Hamas and other Palestinian groups are also threatening violence over Israel’s annexation plans. Iranian media is highlighting the Hamas threats and Iran clearly wants to heat up tensions in the West Bank and Gaza. Iran is trying to stir many things up. It has slammed Israel on Press TV for honoring Israelis involved in a “Cyber attack” and says that Syrians near the Golan are protesting to “liberate Golan.”
Meanwhile Saudi Arabia has slammed Iranian-backed Houthi rebels in Yemen for attacks on the Kingdom over the last week. The Houthis have told Iranian media that they will carry out deeper attacks inside Saudi Arabia using drones and missiles.
In Libya another proxy conflict between Turkish-backed Libyan groups and Egyptian-backed Libyan opposition continues. Egypt has threatened to intervene after Turkey’s support for Tripoli resulted in set backed for the Benghazi-based Libyan National Army. Saudi Arabia, the UAE and Russia all support Benghazi and want to stop Turkey from taking Sirte with its Tripoli-based militias. The US, France and Italy are all closely watching the outcome of the Libyan battles. Reports indicate Russia and Turkey are sending more equipment.
All these conflicts, from Libya to Yemen, Iraq and Syria, show a ring of wars around the region, fueled by regional powers that oppose each other. Turkey and Iran appear to be working more closely together. But it is not so simple because many of these battles are compartmentalized. For instance, Israel opposes Iran’s presence in Syria. The Syrian regime reportedly supports Russia in Libya, whereas the Iranians who support the Syrian regime apparently back Turkey.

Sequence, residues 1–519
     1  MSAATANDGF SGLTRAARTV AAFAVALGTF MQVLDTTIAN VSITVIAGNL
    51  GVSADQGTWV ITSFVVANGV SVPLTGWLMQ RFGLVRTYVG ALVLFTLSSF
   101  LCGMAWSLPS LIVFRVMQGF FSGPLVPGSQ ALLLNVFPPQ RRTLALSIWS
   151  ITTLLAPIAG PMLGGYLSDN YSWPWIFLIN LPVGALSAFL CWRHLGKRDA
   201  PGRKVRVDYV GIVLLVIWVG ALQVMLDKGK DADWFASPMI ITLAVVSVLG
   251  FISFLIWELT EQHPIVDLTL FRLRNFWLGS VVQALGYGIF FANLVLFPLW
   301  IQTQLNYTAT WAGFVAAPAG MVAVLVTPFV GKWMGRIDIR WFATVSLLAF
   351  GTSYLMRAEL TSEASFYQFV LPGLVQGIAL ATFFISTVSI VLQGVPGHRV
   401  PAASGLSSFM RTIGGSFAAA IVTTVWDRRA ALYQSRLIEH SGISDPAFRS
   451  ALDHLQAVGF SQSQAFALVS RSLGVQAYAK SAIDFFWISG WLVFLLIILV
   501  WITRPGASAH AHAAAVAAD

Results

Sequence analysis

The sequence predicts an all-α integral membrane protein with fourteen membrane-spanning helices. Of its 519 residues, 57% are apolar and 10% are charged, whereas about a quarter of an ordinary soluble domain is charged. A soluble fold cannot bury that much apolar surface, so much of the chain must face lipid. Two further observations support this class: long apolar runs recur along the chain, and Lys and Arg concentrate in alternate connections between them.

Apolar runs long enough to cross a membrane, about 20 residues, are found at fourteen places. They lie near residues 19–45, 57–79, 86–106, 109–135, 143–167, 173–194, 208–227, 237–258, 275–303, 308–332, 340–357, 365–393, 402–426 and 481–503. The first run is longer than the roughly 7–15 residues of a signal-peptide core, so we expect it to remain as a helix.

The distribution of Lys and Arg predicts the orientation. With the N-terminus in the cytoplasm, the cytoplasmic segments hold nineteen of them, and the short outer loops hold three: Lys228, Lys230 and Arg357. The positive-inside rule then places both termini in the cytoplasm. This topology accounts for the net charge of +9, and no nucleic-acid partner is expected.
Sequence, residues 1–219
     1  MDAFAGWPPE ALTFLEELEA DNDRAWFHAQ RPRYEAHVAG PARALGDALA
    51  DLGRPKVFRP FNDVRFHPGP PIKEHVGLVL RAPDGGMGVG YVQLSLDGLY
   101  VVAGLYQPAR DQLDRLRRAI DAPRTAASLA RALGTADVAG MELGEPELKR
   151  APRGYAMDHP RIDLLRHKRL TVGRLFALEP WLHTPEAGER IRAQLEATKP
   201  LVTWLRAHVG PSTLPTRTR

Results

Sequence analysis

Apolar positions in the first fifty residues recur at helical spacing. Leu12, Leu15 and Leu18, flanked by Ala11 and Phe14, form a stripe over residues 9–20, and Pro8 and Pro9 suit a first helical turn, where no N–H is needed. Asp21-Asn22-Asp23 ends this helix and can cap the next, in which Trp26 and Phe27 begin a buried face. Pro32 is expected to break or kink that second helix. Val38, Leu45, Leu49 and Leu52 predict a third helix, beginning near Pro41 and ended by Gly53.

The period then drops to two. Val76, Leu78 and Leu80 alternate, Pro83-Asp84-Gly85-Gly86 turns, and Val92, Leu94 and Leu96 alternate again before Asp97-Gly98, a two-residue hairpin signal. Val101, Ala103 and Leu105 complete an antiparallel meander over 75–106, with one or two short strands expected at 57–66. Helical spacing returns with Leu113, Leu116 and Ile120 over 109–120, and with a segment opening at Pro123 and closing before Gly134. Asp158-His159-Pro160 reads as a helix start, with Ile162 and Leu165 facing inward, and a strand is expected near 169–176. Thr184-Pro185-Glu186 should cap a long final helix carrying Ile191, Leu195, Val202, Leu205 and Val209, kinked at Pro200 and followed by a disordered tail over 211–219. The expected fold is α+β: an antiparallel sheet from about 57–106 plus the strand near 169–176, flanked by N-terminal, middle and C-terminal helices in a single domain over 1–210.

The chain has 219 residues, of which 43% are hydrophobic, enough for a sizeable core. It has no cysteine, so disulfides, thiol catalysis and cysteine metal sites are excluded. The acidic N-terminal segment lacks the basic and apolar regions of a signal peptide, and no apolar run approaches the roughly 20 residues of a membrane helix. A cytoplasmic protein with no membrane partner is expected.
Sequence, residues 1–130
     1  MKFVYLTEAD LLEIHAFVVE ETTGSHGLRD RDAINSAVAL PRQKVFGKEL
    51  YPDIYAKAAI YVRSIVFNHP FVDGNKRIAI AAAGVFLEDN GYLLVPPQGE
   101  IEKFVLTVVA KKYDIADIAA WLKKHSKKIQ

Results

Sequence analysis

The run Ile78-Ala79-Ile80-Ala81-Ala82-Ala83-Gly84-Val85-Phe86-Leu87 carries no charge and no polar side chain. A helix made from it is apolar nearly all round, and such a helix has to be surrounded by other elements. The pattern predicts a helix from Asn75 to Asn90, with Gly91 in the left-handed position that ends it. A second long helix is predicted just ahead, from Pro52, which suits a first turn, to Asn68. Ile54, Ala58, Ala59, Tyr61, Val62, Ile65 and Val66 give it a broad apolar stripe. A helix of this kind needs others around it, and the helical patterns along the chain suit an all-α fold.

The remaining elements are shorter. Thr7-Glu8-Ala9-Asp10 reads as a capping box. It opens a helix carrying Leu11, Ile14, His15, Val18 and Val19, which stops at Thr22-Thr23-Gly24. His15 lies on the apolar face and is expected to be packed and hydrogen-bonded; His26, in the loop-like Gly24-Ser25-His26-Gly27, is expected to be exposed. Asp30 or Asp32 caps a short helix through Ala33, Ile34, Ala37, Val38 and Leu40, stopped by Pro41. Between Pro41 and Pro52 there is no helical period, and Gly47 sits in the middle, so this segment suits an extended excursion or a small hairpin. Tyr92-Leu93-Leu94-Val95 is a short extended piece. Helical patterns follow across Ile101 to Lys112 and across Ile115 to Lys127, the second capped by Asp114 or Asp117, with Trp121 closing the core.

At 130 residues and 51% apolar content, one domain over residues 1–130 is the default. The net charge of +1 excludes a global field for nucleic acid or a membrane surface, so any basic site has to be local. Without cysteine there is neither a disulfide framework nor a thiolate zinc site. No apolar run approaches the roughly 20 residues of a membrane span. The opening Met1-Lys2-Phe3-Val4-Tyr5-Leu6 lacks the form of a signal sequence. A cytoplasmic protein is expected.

The overall picture is one of impunity, where Turkey, Iran or Saudi Arabia can carry out airstrikes in conflicts near their countries, whether Yemen or Libya or Iraq and there is little that the international community cares to do. There are no peace processes or peace talks or ceasefires. In fact these conflicts appear to be growing. They essentially involve certain areas that are unstable and lack full national governance, whether Idlib in Syria or parts of Yemen, Iraq or Libya. This is a ring of instability. It is bisected by an Iranian corridor that links the “axis of resistance” from Yemen to Tehran and via Baghdad to Beirut.
Turkey has a crescent of control from Libya to Idlib, Tel Abyad and northern Iraq, and troops in Qatar. Turkey and Iran benefit from these conflicts, growing in control over neighboring states. Saudi Arabia, Egypt, the UAE and their allies are not increasing their influence much. Russia stands above it all, working with Turkey on some issues such as S-400 air defense, but also supporting Benghazi in Libya and the Syrian regime. Russia also holds discussions with Hamas in Doha and also with Israel.
The US is seeking to withdraw slowly, but still wants to have influence in eastern Syria, parts of Iraq and with Israel. The last 24 hours show what is happening in response to the long-term withdrawal of US influence and as other powers rise.